A leading Doric speaker in the north-east has pointed to the success of a poem competition as proof the language is alive and well.
Sheena Blackhall, from Aberdeen, is a great supporter of the traditional dialect and helped to judge a new contest organised as part of this month’s Keith Festival of Traditional Music and Song.
She ran the rule over 51 entries to the Aultgowrie Trophy contest, aimed at finding the best writer of Doric verses aged 12 and above.
Thrilled at the quality of the entries, she struggled to pick a winner but in the end, Jim Brown from Fettercairn was crowned champion with his poem called Dig for Doric.
Mrs Blackhall said: “Entries were of a very high quality, and primary schools also submitted strong entries in a separate section.”
She added in Doric: “It wise baith a pleisur an a warssle tae judge, ilkie poem hid its ain cherm.
“Naebody’s a loser gin ye hae the mither tongue. Mind, it makks ye bi-lingual.”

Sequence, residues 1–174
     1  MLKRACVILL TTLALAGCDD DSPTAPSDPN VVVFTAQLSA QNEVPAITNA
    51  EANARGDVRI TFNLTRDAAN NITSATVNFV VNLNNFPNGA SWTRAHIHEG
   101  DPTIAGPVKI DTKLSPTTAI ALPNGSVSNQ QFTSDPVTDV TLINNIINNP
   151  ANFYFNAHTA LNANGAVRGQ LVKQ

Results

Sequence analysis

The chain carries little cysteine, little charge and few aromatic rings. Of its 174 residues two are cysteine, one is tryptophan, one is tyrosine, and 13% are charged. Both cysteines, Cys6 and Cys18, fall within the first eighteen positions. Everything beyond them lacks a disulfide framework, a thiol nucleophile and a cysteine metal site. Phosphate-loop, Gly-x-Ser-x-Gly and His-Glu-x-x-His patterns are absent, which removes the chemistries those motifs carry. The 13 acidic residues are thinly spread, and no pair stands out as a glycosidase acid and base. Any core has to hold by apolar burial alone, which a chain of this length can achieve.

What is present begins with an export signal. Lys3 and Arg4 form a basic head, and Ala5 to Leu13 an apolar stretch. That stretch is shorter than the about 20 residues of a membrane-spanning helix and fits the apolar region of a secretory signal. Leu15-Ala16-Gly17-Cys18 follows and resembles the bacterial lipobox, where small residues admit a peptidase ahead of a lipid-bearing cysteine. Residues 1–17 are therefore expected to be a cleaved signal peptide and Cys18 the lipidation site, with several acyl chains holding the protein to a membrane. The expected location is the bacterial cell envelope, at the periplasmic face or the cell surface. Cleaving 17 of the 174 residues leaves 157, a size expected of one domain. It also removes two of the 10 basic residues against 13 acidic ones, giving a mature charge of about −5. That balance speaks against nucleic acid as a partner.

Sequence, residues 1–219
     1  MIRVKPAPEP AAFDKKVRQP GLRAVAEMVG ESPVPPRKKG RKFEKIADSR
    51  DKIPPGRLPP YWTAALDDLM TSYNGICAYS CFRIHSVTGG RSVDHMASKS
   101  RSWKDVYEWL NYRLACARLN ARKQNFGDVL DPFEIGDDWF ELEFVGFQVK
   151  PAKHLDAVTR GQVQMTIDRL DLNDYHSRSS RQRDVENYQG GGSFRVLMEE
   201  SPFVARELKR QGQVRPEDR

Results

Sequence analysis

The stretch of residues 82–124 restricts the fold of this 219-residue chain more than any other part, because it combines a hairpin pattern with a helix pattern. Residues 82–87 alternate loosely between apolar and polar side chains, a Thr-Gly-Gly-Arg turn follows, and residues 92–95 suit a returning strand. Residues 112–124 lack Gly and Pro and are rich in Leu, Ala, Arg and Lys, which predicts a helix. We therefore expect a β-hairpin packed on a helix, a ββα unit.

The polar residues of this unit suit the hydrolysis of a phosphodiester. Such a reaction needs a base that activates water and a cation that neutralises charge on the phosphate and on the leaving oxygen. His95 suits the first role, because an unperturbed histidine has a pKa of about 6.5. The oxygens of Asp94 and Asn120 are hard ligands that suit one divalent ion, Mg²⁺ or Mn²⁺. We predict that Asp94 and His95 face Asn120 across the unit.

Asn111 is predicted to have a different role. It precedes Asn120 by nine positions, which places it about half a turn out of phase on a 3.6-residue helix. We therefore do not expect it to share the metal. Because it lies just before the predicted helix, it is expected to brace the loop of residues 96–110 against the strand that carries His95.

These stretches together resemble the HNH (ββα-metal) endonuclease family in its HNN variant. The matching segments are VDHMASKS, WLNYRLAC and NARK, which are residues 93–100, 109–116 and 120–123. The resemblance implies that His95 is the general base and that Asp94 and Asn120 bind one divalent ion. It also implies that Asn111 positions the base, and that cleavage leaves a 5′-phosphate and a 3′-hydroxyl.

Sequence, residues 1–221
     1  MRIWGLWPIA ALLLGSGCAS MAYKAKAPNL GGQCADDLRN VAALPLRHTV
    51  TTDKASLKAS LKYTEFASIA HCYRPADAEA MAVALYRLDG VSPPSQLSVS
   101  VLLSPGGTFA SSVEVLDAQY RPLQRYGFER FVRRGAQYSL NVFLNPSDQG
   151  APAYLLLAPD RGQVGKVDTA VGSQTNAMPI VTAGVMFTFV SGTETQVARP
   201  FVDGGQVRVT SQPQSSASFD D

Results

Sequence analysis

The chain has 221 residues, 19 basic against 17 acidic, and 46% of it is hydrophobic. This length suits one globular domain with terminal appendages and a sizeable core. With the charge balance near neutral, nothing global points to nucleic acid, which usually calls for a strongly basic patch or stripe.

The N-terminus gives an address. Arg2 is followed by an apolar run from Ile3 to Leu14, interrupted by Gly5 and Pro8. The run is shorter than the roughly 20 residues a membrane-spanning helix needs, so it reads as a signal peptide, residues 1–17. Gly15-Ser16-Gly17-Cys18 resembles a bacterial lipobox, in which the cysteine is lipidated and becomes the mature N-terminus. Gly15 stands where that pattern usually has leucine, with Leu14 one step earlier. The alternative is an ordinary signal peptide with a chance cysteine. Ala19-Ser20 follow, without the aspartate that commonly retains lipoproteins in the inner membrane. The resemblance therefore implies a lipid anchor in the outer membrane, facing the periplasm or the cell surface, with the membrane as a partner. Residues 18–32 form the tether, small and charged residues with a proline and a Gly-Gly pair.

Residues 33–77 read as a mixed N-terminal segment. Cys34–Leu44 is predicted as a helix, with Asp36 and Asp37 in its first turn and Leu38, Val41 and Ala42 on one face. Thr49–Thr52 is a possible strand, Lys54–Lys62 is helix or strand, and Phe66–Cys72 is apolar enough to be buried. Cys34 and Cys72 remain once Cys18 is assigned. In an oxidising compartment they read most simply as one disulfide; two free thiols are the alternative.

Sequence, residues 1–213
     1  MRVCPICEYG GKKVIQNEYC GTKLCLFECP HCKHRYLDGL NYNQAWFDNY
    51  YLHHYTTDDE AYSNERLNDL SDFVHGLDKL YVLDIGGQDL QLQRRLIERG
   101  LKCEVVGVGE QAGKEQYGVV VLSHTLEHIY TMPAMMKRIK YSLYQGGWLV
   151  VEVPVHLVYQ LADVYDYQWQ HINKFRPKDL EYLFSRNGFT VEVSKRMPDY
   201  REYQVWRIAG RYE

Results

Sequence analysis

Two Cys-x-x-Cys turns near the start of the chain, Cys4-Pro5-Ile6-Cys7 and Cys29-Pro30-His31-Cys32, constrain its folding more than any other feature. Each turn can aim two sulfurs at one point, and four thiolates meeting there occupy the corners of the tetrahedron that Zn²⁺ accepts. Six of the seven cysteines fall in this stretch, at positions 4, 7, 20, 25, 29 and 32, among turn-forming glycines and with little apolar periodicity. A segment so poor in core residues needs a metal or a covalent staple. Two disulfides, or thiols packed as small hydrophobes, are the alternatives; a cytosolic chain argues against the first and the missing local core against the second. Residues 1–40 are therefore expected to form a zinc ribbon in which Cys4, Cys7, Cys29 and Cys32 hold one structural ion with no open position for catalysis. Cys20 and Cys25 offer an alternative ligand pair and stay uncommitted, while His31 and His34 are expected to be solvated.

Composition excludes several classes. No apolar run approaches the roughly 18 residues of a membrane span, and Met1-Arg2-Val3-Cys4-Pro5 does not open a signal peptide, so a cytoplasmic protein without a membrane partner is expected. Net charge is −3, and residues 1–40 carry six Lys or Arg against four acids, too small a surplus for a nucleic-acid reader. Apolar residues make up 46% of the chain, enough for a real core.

A second competition for school children under 12 was also run for the 19th year, with the Ian Middleton Trophy also on offer, which is named after one of the most renowned writers of hilarious Doric verse.
Brooke Beglin, a pupil at Glass Primary, near Huntly, topped a list of 43 north-east entrants with her poem entitled Ma Coral Reef.
Organiser Joyce Dawson said she had been overwhelmed at the response to both competitions.
She added: “It is very clear just how important the language of the north-east is.”
The trophies will be presented at the festival, which runs on June 15 and 16.
North-east musicians and singers are being encouraged to enter competitions in fiddle, accordion, melodeon, mouth organ, tin whistle, recorder, piano, bothy ballads, songs, story telling, poetry – and even the diddling of a tune.
Top Scottish folk band Rura will be headlining on the Saturday night.
To find out more, visit http://tmsakeithfestival.blogspot.com